Once I cut out my basket weave skirt I had some fabric leftover from it. The piece was an odd size, not really large enough to do anything with but too much to just throw out. As the fabric was really unusual in texture it was very hard to add it to another piece of fabric and use it as a trim.
I decided to make just a simple scarf and I do mean simple. All I did was fold it across the width of the fabric and trim the sides with my rotary cutter and ruler so they were both even. As my overlocker still had brown thread on it from making the skirt I ran each side of the scarf through my overlocker. As the ends were the selvage and were finished I didn’t have to worry about those. I made sure that I went in the same direction on both sides so that my overlocker stitches would be the same on both sides. After both sides were done I just weaved in all 4 overlocker tails like I do with whenever I have end tails. It maybe took 2 minutes to cut, 5 minutes to sew and finally 10 mins to do all my tails.
The final piece is 8″ x 48.5″ It isn’t a large scarf but enough to be a matching accessory with my skirt. I never wear accessories but it is something I would like to do more of. I’m really happy with this leftover scarf. It is making me think about accessories more and what I could make. I used to wear a lot necklaces and jewelry but these days I don’t. I think I need to start making more things for me… and not just make them but wear them too.
I love using my overlocker (serger) even though it at first scared me (sharp blade that eats away fabric, stitches very fast) Now I use it all the time when making clothing and WIRES pouches. I have learnt you control the speed you stitch at by how hard you press your foot down and that the trimming away of fabric is a good thing. One thing I had never tried before on it was doing a rolled hem. I have a Janome MyLock 664D, when I brought it I had no idea of what features I needed in an overlocker as I had only previously used one once briefly. The 664D is meant to be easy to switch from doing a regular overlock stitch to a rolled hem so that is one of reasons I brought it (even though I didn’t know how many rolled hems I’d be doing)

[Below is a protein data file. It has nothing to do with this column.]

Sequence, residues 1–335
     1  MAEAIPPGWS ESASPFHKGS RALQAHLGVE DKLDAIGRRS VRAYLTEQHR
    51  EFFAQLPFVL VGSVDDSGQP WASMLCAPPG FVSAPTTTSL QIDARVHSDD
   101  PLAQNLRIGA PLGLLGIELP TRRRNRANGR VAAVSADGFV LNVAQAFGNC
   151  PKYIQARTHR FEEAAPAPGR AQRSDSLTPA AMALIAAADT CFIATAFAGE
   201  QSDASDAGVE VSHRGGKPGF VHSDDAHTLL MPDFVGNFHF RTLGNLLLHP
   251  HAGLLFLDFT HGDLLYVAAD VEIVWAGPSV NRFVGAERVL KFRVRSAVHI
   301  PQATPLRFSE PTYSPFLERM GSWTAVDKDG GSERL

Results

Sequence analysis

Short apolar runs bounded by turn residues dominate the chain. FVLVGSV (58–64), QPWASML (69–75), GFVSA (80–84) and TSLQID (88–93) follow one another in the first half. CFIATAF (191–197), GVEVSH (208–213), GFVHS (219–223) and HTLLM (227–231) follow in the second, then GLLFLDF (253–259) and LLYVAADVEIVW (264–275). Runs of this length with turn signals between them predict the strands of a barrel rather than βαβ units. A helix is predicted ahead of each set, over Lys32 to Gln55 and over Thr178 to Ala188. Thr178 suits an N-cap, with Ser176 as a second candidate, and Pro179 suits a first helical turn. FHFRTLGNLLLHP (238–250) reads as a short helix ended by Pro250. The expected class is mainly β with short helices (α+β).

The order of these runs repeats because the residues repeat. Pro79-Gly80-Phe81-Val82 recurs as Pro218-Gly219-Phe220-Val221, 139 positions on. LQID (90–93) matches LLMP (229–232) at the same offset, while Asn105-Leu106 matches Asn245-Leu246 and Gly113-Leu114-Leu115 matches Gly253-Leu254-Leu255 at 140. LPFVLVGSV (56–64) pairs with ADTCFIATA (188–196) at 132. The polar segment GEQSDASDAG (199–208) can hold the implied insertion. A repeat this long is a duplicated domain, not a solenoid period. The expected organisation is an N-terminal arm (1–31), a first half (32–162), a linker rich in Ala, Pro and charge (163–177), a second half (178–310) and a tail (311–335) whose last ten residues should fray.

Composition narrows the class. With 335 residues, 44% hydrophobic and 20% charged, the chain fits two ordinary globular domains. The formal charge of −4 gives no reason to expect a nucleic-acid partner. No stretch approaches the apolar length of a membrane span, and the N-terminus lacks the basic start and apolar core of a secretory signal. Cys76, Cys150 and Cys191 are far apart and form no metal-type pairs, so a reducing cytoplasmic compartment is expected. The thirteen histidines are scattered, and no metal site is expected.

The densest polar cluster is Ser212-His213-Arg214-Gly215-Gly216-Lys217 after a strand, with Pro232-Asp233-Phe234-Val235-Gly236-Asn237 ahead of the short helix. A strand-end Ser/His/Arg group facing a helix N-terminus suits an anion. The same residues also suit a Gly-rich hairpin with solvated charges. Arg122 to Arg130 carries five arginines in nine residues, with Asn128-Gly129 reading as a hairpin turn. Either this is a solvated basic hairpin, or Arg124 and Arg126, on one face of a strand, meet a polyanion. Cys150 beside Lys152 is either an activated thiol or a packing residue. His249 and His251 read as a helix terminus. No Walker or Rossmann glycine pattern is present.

I thought it was about time I gave the rolled hem feature a try. When I first read my manual on how to set it to rolled hem I got a little confused. I’m more of a visual person and find it easier to learn when I watch things (I am very thankful I’m learning to sew in the days of YouTube) I was going to wait until I went to a Sewing Guild meeting until I found this clip on YouTube which really gave me the confidence to try it at home.
The clip really shows you up close how to set the machine. It didn’t tell me however that when you take the needle out you will need to cut it away from your thread chain. I found this clip a couple of months ago and saved it in Pinterest for future reference. I watched it again as a refresher than headed to my machine. I had my tablet next time my machine and could stop the clip after each step and give it a try. One thing I did do was take a photo of my tension settings before I changed them to the rolled hem settings.
For some reason in my mind I was expecting it to look completely different. I must go back and read the many overlocker books I have as I had it in my mind it was going to have a large folded hem. Never mind, I am really impressed with the stitch that it did do. The hem on it is so tiny and neat. On some projects this would be perfect. I can see myself using this feature now that I know how to set it on the machine.